IB Diploma November 2022 exam session results released - Tuesday January 3

The wait is now over for the nearly 3,000 Australasian students who sat for IB Diploma examinations in 2022!
January 02, 2023

Australasian IB Diploma students received their results in the morning of January 3, 2023. Results are released to schools and students individually and the IB does not produce 'league tables' of schools. It also does not release the names of students or schools that have perfect scores or other data that would allow comparison between schools and students. Individual schools release information when available.

A total of 2,421 students in Australia and 390 in New Zealand sat for these examinations.  In NSW there were 652 candidates, 601 in Queensland, 567 in Victoria, 362 in South Australia, 164 in the ACT, 43 in Western Australia and 32 in Tasmania. Additional students sat for these examinations in PNG and Fiji. Across the world, 18,174 students were assessed in the November, 2022 examination session. A further 173,880 candidates were assessed in the May 2022 examination session, mostly in the northern hemisphere.

In the November 2022 Diploma Programme exam session, the Australian student average score was 35.6 (ATAR equivalent of 93) and the New Zealand average score was 34.7.  The global average was 30.9 out of a maximum possible score of 45. 640 of the 2,421 Australian candidates achieved a score of 40 or above, and 56 students achieved a perfect score of 45 across Australia.  In New Zealand there were 85 students who achieved 40 or above. The global rate at which candidates met conditions to be awarded the Diploma was 82% as compared with a 97% success rate in Australia and 95% in New Zealand, further demonstrating the achievement of Australasian students.

In Australia, successful IB Diploma graduate results are converted to an Australian Tertiary Assessment Rank (ATAR) equivalent called an IB Admissions Score (IBAS) by the Australian Council of Tertiary Admissions Centres (ACTAC) on behalf of tertiary institutions to ensure a fair comparison between IB results and other matriculation qualifications (NSW HSC, VCE, SACE etc.).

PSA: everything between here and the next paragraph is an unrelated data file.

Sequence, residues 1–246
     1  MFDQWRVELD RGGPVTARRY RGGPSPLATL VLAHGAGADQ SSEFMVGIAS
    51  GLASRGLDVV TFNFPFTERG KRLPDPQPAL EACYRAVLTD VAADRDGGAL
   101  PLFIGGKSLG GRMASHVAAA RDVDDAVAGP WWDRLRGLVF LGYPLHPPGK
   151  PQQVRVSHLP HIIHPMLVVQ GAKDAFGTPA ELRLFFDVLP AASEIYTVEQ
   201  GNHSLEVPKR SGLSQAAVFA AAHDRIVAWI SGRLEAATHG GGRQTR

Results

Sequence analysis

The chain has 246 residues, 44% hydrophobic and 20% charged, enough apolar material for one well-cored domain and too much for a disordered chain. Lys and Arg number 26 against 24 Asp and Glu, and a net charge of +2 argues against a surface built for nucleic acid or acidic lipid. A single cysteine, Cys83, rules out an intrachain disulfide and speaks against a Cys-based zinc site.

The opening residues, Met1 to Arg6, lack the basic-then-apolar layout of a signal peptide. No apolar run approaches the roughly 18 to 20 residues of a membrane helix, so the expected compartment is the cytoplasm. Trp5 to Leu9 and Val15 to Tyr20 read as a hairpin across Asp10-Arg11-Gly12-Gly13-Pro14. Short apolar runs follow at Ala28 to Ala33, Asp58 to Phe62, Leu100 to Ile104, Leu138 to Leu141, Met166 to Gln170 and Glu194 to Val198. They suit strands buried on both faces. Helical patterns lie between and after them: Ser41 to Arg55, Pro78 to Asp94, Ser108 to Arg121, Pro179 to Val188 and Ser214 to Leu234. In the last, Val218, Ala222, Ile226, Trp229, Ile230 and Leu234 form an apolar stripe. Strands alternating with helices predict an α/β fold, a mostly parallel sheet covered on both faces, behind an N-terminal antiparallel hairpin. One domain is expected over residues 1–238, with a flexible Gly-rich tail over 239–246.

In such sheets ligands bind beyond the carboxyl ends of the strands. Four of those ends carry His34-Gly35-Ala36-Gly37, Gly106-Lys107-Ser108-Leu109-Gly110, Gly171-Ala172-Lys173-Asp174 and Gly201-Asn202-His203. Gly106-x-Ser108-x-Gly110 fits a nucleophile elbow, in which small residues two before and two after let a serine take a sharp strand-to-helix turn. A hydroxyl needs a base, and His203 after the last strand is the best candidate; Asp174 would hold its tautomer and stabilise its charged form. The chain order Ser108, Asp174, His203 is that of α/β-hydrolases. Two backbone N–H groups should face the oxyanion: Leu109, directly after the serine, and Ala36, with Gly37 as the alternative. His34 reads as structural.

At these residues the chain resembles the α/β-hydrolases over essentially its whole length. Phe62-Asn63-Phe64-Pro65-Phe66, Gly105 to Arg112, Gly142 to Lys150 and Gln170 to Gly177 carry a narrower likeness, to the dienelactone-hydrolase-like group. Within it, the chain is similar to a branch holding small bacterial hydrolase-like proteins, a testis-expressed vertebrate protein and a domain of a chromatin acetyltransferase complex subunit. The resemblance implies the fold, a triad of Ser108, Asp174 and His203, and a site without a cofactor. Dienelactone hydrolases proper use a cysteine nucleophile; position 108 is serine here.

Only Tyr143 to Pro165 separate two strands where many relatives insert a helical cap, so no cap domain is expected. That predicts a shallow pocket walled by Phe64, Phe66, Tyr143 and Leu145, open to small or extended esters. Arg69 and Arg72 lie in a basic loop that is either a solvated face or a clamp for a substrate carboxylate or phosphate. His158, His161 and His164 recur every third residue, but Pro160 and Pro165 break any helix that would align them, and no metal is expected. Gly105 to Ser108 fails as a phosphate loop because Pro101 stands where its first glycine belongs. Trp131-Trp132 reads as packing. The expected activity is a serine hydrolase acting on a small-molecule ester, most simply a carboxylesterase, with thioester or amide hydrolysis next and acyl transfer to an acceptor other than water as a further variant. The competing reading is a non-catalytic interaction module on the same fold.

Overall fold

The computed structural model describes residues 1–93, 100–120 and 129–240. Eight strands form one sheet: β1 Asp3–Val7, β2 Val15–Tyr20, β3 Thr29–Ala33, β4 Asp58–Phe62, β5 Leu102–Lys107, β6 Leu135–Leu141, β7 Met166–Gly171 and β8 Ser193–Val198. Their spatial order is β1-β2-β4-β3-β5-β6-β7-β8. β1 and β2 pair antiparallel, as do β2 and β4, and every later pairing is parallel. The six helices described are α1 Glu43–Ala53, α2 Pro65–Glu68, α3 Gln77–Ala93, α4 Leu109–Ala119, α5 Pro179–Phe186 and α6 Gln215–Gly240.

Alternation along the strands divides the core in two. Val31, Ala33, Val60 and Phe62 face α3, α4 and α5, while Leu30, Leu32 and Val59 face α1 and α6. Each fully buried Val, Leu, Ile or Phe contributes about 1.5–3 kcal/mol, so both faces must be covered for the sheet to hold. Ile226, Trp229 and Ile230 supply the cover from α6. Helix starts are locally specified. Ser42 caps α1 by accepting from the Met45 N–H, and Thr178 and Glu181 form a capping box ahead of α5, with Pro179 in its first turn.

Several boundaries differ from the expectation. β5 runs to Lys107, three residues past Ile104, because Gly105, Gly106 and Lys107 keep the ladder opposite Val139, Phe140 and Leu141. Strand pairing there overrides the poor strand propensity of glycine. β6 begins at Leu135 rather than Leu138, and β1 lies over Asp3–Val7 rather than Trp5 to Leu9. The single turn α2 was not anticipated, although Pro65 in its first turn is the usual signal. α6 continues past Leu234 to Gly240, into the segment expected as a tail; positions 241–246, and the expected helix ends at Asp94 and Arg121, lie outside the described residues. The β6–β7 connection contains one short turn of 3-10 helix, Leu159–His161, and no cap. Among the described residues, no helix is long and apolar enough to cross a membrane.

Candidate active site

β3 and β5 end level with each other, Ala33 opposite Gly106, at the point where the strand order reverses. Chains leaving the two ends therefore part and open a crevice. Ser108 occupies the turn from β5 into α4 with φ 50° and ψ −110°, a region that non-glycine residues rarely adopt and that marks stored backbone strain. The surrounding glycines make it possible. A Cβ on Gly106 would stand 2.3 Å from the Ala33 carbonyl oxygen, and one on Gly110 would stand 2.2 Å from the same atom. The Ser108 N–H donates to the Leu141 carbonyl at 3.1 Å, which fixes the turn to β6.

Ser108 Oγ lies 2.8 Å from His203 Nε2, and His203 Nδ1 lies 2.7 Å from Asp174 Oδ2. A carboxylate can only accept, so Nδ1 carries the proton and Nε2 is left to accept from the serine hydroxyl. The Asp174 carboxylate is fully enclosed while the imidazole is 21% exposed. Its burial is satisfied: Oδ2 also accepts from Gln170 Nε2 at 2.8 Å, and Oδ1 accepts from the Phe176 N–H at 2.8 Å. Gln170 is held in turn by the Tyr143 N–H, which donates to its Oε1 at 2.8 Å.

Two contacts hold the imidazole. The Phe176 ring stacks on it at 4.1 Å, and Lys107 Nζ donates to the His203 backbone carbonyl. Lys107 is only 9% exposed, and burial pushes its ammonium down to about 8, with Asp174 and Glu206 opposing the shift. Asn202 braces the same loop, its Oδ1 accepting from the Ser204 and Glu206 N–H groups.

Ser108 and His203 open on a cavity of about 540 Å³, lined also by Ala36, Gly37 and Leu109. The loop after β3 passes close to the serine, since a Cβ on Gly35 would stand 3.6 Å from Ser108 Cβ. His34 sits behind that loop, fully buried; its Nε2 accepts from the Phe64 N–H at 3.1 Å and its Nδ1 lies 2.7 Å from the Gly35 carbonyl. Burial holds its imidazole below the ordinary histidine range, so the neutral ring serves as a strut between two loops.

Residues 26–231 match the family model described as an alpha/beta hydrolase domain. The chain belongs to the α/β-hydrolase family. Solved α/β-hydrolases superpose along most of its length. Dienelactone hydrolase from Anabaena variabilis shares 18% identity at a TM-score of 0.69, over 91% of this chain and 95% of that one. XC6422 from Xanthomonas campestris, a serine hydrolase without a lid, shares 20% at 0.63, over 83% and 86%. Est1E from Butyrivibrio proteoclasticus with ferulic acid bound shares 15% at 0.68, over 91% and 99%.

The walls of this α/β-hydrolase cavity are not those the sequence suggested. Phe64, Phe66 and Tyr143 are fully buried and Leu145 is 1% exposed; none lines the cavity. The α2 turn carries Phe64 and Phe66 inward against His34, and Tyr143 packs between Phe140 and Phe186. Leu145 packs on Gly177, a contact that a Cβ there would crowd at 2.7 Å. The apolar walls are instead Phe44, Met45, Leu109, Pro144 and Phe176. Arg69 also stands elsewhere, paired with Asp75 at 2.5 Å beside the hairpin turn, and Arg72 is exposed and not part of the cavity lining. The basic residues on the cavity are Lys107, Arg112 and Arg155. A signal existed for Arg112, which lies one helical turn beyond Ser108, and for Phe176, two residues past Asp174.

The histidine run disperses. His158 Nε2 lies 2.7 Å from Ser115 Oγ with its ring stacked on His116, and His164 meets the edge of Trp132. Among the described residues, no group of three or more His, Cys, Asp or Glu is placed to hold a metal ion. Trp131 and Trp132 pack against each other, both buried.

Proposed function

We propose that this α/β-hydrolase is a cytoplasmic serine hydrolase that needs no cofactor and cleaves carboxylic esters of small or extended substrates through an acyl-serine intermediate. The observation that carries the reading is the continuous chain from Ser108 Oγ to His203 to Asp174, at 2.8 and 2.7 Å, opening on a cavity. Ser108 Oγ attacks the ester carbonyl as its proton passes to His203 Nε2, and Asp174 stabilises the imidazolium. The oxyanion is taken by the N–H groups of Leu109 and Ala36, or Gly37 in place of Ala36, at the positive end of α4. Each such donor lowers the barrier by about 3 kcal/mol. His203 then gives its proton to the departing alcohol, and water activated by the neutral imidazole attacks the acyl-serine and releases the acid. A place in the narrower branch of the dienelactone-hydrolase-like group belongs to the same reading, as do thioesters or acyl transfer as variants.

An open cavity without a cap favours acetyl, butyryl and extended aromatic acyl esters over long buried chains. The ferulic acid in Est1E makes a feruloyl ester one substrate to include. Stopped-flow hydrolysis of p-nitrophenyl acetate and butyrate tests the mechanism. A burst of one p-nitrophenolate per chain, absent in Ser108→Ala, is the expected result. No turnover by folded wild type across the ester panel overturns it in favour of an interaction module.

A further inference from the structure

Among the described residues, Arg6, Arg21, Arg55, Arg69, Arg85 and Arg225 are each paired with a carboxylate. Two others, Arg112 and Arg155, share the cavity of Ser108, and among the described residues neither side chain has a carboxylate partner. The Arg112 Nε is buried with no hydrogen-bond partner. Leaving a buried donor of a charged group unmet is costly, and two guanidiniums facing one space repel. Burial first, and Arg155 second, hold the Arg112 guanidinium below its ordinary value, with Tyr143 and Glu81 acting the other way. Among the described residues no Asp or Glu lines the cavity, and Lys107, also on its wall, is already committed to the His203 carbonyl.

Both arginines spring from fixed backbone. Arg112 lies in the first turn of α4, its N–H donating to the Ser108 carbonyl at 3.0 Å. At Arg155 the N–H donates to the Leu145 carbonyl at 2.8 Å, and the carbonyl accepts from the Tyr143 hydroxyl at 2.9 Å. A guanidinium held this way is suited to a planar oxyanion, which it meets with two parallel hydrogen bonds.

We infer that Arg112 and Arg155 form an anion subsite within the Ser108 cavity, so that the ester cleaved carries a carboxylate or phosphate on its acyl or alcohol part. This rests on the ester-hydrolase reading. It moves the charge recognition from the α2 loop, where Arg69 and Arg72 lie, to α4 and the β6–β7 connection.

Information regarding the calculation and distribution of the IBAS in NSW is found here.

Information regarding the calculation and distribution of the IBAS in Victoria is found here.

Information regarding the calculation and distribution of the IBAS in South Australia is found here.

Information regarding the calculation and distribution of the IBAS in Queensland is found here.

Information regarding the calculation and distribution of the IBAS in Western Australia is found here.

In New Zealand, as with the rest of the world, the IB Diploma is accepted as a direct entry qualification to universities.

The IB Diploma Programme overview

The International Baccalaureate Diploma Programme is an academically challenging pre-university matriculation course offered to around 200,000 students in more than 5000 schools in 153 countries worldwide. The IB celebrates 55 years in 2023 and continues to grow rapidly, with Australasian Diploma student numbers increasing each year. Students who receive a Diploma apply to Universities in Australasia and overseas as it is Internationally recognised as an outstanding preparation for tertiary study.

The International Baccalaureate aims to develop inquiring, knowledgeable and caring young people who help to create a better and more peaceful world through intercultural understanding and respect. These programmes encourage students across the world to become active, compassionate and lifelong learners who understand that other people, with their differences, can also be right. (IB Mission statement: Source: International Baccalaureate www.ibo.org )

Students who study the programme must complete:

  • A first language (Group 1)
  • A language of acquisition (or another first language if they are truly bi-lingual) (Group 2)
  • A humanities subject (Group 3)
  • A science subject (Group 4)
  • A mathematics subject (Group 5)
  • An arts subject (Group 6) or second from groups 2-5
  • A 4000-word research essay in an area of their choice
  • Theory of knowledge: An epistemology course, linking the subjects and developing a questioning of the validity of knowledge. This course is unique to the IB Diploma and develops critical thinking skills.
  • CAS: a creativity, physical activity and community service programme similar to the Duke of Edinburgh Award Scheme.

Academic subject results are awarded on a seven-point scale (1 is the lowest, 7 the highest) so that students can achieve 42 points maximum from such subjects. Up to three bonus points may awarded from performance in the extended essay and theory of knowledge. The maximum total is 45 equalling an Australian Tertiary Admissions Rank (ATAR) of 99.95 (i.e. the top of Australia). IB Diploma scores have direct conversions to University entrance scores in Australia and a direct entry process in New Zealand.